To keep the momentum moving we implemented the most needed capital campaign projects, updated the parish picture directory, launched a ministry for mental health awareness, initiated a staff and lay pastoral care coordinator, transitioned lay leadership for the Pastoral Care Commission, hired a new associate rector, planned for the final term of our clergy resident, as well as kept all the ministries moving forward. We built the bridge for the clergy and lay leaders to work together with confidence through the entire transition.

When the announcement was made in January board meeting, the overall reaction was surprise.  As I tried to keep my composure I explained that after 30 years of parish ministry the time had come for me to spend more time with my husband and live life in a different key.  I commented that I looked forward to sitting in church with my spouse, an experience we had never had in our marriage.  On the way out of the meeting one member with a wide grin quietly commented to me, “You know, I’ve been sitting in church for a long time with my wife.  It’s not everything it’s cracked up to be.” Naturally some church board members wanted to know when the search process would begin.  The lay leaders of the planning team clearly stated our three stages.  That church board meeting launched the second stage, “thank-you and good-bye.”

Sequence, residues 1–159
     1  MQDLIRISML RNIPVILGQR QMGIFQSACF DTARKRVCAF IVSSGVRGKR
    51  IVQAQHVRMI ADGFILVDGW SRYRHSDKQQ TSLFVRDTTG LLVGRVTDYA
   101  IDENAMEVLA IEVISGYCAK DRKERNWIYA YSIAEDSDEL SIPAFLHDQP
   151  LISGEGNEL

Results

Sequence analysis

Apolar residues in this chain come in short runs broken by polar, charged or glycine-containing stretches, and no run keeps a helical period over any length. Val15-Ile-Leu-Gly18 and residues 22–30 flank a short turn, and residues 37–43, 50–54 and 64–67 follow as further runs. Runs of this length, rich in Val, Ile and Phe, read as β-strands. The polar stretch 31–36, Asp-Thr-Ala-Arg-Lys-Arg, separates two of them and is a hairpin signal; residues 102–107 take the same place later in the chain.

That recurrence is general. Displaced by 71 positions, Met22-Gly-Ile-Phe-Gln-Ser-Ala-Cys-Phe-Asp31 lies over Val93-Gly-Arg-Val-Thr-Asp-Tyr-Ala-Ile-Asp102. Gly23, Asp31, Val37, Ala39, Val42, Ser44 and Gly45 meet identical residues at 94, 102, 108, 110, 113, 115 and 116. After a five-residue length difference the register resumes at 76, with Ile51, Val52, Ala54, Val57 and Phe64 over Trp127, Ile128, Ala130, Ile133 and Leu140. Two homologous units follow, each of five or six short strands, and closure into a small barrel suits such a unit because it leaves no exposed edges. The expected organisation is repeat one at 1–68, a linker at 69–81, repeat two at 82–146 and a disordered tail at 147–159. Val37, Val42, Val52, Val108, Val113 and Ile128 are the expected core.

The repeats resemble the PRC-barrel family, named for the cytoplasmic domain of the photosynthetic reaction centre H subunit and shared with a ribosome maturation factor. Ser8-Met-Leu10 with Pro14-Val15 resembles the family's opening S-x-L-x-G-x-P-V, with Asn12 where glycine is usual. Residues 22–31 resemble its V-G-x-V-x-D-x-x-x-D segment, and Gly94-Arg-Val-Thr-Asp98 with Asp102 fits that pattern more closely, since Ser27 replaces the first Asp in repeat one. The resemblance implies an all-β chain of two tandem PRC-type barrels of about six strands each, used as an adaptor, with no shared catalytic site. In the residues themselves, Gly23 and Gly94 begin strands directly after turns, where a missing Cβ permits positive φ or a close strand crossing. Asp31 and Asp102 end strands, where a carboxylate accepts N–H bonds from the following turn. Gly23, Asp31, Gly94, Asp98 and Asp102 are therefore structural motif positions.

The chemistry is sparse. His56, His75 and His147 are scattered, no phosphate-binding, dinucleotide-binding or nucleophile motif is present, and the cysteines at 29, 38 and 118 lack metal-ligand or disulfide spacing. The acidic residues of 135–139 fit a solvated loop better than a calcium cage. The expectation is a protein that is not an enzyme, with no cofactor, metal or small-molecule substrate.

The strong collegial relationship between the retired bishop and me provided clarity, comfort, and confidence.  He and I are both students of Family Systems theory.  We employed our shared knowledge to reassure and to lead.  As a leadership team, we were not going to jump into “fix it and search mode.”  It was time to appreciate our ministry together.  The announcement letter was mailed the day before a blizzard.  However, by Sunday, most of the congregation had received the news.